Photo of Laguna Gallocanta

Eurasian Cranes at the Laguna Gallocanta

At around 1,500ha, the Laguna Gallocanta is the largest natural lake in Spain.

Its other main claim to fame is that it is the major staging post for Eurasian cranes migrating between their wintering grounds in southern Spain, and their breeding grounds in northern Europe. 

The cranes arrive in November, with several thousand staying through the winter. The greatest spectacle is at the end of February, when they are heading north again.

About the lake

Laguna Gallocanta is situated at 1000m on a high plain in north-eastern Spain, meaning that temperatures can be bitterly cold in winter, and blisteringly hot in summer. Spring doesn’t seem to arrive until June, or so I was told on a cold windy day in April 1989. I certainly didn’t expect to visit again any earlier month of the year. However, there were no cranes on that first visit, and it is the cranes that bring people to the laguna in February and November. Some cranes remain for the winter, but most move on to Extremadura. 

The laguna lies in a tectonic depression. It is fed mainly by rainwater, and there is no outflow. Thus, the lake levels and extent vary by year as well as by season depending on rainfall. In a good year, the laguna covers some 1500ha ( sq miles). In some years the water level is below ground and the lake bed remains dry for months. However, there are some freshwater springs that allow localised growth of Phragmites reeds, reedmace and other freshwater plants.  Yet it is still the most important saline lake in Western Europe, and is well-studied by students from various Spanish universities.

About the birds

The Laguna Gallocanta has long been known as a fantastic place for wintering birds – though the numbers depend on the severity of the winter in northern Europe, and on the level of water in the lake. The name Gallocanta can be translated as Chicken/Bird Song, though whether that refers to the trumpeting of the cranes in winter or the songs of other birds in spring is anybody’s guess.

Eurasian Cranes are large birds, with males standing up to 1.3m (4ft) tall and with a 2.4m wingspan – females are usually a bit smaller. That should make them easy to see, but their basically grey colour means they blend well with the background, and at a distance they often look like rocks strewn across the fields.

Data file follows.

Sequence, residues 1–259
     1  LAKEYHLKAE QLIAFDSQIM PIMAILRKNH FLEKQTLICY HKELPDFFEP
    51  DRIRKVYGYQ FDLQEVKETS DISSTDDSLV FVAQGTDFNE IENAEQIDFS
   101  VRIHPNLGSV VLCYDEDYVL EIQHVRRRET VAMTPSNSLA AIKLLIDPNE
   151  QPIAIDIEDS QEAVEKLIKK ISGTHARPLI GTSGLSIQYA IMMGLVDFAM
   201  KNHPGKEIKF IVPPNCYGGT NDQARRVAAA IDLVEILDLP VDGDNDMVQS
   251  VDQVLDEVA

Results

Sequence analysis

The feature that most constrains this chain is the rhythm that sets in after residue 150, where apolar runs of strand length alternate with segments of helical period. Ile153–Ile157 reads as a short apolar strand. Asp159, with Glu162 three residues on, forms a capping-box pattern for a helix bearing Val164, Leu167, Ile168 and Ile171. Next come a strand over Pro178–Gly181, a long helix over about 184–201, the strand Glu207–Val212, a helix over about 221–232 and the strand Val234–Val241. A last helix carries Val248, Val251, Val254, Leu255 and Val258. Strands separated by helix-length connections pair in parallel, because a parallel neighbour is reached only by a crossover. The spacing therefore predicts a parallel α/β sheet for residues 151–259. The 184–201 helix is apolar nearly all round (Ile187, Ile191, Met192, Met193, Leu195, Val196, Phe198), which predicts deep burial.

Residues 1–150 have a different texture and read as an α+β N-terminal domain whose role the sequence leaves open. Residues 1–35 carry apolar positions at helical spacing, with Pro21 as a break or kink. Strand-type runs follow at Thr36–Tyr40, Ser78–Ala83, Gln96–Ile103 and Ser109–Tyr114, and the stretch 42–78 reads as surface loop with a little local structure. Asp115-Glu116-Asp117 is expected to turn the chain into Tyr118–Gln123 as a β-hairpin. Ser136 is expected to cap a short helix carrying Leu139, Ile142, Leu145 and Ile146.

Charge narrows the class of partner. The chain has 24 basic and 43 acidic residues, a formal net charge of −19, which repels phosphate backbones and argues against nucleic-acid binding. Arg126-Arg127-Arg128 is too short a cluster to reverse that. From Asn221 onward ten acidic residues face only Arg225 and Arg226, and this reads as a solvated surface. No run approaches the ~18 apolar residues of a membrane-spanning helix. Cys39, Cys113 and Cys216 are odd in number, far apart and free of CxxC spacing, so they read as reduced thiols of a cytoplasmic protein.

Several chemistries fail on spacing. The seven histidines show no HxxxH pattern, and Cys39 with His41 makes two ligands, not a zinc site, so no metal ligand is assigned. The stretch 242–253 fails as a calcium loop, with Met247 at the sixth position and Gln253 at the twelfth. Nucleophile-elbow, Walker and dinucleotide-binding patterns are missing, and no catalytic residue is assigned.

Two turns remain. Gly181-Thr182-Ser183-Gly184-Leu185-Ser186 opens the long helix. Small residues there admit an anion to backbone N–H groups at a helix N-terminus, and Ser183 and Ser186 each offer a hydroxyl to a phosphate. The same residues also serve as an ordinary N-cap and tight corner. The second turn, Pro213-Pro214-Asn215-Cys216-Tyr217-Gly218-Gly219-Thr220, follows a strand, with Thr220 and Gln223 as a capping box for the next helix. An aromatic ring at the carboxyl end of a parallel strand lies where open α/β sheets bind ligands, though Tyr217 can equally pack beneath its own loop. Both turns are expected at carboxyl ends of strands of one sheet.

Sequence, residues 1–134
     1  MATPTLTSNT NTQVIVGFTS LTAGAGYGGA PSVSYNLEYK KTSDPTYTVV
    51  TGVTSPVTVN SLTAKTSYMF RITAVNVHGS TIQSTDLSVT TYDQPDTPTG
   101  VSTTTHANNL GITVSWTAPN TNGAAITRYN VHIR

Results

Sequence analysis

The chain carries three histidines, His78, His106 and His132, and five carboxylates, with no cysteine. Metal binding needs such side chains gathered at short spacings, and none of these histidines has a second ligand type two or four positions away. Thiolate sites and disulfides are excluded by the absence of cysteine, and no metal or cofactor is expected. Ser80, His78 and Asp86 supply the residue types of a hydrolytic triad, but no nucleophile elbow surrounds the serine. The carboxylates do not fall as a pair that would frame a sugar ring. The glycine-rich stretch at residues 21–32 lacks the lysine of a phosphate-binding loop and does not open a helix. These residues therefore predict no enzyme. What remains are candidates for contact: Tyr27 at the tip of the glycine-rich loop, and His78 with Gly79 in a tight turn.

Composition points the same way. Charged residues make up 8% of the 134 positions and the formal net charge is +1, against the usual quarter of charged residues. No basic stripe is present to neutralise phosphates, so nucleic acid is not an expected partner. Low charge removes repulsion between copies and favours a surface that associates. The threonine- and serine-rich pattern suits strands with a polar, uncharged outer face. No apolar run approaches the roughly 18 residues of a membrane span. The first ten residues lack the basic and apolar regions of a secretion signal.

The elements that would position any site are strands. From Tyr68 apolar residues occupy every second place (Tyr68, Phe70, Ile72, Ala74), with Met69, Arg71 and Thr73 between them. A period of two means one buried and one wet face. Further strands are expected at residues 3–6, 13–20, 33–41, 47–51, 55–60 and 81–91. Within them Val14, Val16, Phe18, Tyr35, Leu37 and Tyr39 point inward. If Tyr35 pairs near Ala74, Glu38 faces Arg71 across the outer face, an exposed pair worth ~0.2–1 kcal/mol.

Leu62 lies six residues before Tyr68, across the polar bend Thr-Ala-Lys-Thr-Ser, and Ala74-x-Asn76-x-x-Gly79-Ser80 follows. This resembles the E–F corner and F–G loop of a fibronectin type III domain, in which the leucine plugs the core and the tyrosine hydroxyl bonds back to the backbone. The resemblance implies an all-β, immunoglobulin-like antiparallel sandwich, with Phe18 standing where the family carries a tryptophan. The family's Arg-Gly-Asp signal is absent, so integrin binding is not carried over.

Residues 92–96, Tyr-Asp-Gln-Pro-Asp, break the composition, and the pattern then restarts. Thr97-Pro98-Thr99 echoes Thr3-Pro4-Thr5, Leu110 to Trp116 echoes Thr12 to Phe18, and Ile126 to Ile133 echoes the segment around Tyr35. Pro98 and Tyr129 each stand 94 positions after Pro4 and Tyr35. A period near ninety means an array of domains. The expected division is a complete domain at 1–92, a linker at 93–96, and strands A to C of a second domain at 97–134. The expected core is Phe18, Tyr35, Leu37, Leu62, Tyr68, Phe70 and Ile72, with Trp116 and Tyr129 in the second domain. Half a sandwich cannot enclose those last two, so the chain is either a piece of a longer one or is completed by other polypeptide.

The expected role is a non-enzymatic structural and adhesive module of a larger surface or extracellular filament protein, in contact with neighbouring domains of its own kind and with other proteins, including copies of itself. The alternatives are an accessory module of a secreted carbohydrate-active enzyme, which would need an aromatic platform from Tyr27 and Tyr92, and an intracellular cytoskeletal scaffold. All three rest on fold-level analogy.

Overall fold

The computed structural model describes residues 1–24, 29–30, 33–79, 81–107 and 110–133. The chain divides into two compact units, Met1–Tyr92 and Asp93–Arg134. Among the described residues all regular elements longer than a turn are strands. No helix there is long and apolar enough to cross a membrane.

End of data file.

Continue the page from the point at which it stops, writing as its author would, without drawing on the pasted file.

February 18-20th 2015 were calm days following frosty nights. Some 30,000 cranes were already trying to move north, although snow-storms over the Pyrenees were forcing many to stay in Spain. During the following few days, the numbers at the laguna increased, as more and more arrived from the south-west and had to wait for a break in the weather. 

The photo below was taken on the evening of the 23rd. It is impossible to show the sheer numbers involved – this is just a small section of the lake near Gallocanta village. 

The cranes are counted weekly during the migration period. Antonio Torrijo from the Association of Friends of Gallocanta, and José Antonio Román who coordinates the crane censuses in Spain, took out a team of six for the counts. The area is divided between them, and each person counts from a set vantage point. In the late afternoon, they count the birds already on the ground, and then at dusk, they count the birds coming in to roost. 

Some 82,906 cranes were counted on the 24th. But the weather held up migration for another few days, so the total was estimated at 110,000 by the weekend when the wind dropped and most were able to move on.

Of course, there are other species on the lake – up to 3000 gadwall, 80,000 common pochard, and 40,000 common coot, and smaller numbers of other species. We saw 82 species altogether, including raptors such as northern harriers, golden eagle and short-eared owls, and small birds like Calandra Lark, Rock Sparrow and Theckla Lark. Amazingly, I also saw 82 species on my brief visit in April 1989, with about 40 of them seen both times. 220 species have been recorded over the years, and 90 of these breed here.